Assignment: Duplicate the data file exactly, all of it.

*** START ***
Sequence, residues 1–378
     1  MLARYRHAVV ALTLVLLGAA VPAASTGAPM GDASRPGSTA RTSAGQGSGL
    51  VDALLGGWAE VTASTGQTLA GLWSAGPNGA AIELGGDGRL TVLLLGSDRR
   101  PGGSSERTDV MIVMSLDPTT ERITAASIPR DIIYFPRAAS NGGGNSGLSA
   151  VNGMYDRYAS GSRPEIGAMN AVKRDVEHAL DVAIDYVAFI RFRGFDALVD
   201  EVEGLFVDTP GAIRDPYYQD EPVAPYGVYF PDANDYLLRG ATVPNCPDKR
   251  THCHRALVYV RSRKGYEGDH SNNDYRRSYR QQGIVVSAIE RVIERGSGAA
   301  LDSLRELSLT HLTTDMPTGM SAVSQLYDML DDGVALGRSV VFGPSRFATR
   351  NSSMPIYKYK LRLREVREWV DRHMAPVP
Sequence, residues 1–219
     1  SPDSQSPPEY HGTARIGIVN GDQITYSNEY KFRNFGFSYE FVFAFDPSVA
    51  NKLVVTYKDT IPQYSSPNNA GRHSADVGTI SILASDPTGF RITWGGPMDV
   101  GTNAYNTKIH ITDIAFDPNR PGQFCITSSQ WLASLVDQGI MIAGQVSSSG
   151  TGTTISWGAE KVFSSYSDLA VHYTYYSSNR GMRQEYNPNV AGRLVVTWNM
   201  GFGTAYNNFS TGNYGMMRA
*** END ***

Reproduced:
Sequence, residues 1–378
     1  MLARYRHAVV ALTLVLLGAA VPAASTGAPM GDASRPGSTA RTSAGQGSGL
    51  VDALLGGWAE VTASTGQTLA GLWSAGPNGA AIELGGDGRL TVLLLGSDRR
   101  PGGSSERTDV MIVMSLDPTT ERITAASIPR DIIYFPRAAS NGGGNSGLSA
   151  VNGMYDRYAS GSRPEIGAMN AVKRDVEHAL DVAIDYVAFI RFRGFDALVD
   201  EVEGLFVDTP GAIRDPYYQD EPVAPYGVYF PDANDYLLRG ATVPNCPDKR
   251  THCHRALVYV RSRKGYEGDH SNNDYRRSYR QQGIVVSAIE RVIERGSGAA
   301  LDSLRELSLT HLTTDMPTGM SAVSQLYDML DDGVALGRSV VFGPSRFATR
   351  NSSMPIYKYK LRLREVREWV DRHMAPVP
Sequence, residues 1–219
     1  SPDSQSPPEY HGTARIGIVN GDQITYSNEY KFRNFGFSYE FVFAFDPSVA
    51  NKLVVTYKDT IPQYSSPNNA GRHSADVGTI SILASDPTGF RITWGGPMDV
   101  GTNAYNTKIH ITDIAFDPNR PGQFCITSSQ WLASLVDQGI MIAGQVSSSG
   151  TGTTISWGAE KVFSSYSDLA VHYTYYSSNR GMRQEYNPNV AGRLVVTWNM
   201  GFGTAYNNFS TGNYGMMRA